clock menu more-arrow no yes

Filed under:

Princeton student brings fantasy to life with electric 'magic carpet'

Forget hoverboards and landspeeders -- Princeton grad student Noah Jafferis is bringing one of fiction’s most famous vehicles to life with a 4-inch plastic "magic carpet."

Princeton's Plastic "Magic Carpet"
Princeton's Plastic "Magic Carpet"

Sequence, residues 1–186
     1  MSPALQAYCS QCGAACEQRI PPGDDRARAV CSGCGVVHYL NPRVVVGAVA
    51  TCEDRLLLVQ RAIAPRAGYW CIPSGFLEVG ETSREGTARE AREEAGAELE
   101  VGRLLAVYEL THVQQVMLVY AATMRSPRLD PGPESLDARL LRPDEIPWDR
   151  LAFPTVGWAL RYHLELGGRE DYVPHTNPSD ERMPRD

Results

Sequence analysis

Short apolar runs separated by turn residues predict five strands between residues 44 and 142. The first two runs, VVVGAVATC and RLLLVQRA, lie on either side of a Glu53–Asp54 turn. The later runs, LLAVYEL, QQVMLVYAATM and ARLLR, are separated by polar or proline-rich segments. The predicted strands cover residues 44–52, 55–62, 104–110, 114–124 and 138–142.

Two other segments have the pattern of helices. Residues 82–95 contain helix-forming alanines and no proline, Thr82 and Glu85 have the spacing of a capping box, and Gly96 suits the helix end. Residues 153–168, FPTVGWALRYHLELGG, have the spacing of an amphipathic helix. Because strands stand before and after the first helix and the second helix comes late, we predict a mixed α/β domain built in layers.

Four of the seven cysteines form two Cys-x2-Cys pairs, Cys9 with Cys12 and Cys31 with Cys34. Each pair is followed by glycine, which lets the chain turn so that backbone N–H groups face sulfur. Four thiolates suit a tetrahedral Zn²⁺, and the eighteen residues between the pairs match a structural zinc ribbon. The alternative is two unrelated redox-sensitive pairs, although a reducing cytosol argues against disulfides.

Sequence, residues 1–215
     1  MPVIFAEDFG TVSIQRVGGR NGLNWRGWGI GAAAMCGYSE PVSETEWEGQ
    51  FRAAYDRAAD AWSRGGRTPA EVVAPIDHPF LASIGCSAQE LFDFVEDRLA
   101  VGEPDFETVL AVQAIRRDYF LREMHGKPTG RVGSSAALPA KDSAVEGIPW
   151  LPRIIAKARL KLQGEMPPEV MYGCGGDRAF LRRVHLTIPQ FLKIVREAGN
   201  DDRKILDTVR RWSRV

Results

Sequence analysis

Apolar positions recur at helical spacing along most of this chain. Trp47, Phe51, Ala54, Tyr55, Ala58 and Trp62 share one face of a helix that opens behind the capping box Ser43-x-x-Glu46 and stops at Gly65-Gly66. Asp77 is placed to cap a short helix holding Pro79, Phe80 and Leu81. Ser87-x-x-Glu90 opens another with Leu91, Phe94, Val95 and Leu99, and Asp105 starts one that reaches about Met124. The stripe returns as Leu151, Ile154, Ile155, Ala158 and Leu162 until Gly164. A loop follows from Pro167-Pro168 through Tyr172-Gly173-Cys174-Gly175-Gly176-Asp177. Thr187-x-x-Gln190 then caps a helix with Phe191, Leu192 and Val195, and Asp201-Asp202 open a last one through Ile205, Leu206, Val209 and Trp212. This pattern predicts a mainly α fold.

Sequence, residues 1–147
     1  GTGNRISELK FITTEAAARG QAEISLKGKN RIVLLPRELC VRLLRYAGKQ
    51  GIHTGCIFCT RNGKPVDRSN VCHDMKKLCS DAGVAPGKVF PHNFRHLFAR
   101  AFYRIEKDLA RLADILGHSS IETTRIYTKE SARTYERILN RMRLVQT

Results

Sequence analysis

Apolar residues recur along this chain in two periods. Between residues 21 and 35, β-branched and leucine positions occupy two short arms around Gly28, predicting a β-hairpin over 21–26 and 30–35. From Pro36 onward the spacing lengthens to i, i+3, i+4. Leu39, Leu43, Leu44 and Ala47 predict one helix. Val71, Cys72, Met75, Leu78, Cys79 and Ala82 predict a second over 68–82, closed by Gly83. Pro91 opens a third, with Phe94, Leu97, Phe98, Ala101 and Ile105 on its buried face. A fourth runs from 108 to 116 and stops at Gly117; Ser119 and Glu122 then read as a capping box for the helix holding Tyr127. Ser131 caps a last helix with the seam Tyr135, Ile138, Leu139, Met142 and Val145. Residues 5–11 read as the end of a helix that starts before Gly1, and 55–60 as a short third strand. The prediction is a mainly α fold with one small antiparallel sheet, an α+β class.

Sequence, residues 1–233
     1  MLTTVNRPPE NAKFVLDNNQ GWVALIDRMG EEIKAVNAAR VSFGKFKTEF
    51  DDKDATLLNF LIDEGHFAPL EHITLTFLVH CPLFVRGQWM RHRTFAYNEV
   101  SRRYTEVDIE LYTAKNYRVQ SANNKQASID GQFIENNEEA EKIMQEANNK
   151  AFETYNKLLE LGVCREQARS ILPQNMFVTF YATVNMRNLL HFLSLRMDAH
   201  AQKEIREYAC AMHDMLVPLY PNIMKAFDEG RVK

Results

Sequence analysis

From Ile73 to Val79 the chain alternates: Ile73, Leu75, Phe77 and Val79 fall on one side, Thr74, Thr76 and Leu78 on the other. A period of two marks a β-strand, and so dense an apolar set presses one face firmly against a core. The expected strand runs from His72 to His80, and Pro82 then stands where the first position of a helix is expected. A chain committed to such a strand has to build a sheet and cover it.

Forget hoverboards and landspeeders -- Princeton grad student Noah Jafferis is bringing one of fiction’s most famous vehicles to life with a 4-inch plastic "magic carpet." The tiny transparent strip uses electric current — supplied from outboard batteries via conductive threads — to push pockets of air from the front to the back, pushing it at up to one centimeter per second with what he and his team are calling "ripple power." The strip uses air trapped between itself and the ground, so it’s really more of a hovercraft than a true flying machine, but the implications are huge — imagine a vehicle without any moving parts to break down or get clogged. You won’t be jetting around like Aladdin just yet though: it would take a plastic sheet over 164 feet wide to move a single human with the current implementation. Still, Jafferis estimates speeds of over three feet per second are possible with design improvements, and with an untethered version using solar power already in the works, it may not be long before science turns another piece of fantasy into reality, no genie required. Check out the video below to see ripple power in action.